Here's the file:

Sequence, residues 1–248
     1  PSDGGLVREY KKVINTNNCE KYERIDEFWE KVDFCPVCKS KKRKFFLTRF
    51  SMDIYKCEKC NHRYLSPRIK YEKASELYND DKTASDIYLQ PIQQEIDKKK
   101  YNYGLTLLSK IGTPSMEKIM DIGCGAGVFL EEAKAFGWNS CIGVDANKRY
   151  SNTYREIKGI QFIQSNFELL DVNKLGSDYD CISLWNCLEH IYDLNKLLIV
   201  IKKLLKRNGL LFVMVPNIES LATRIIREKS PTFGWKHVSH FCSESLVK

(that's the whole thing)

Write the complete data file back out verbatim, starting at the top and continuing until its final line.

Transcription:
Sequence, residues 1–248
     1  PSDGGLVREY KKVINTNNCE KYERIDEFWE KVDFCPVCKS KKRKFFLTRF
    51  SMDIYKCEKC NHRYLSPRIK YEKASELYND DKTASDIYLQ PIQQEIDKKK
   101  YNYGLTLLSK IGTPSMEKIM DIGCGAGVFL EEAKAFGWNS CIGVDANKRY
   151  SNTYREIKGI QFIQSNFELL DVNKLGSDYD CISLWNCLEH IYDLNKLLIV
   201  IKKLLKRNGL LFVMVPNIES LATRIIREKS PTFGWKHVSH FCSESLVK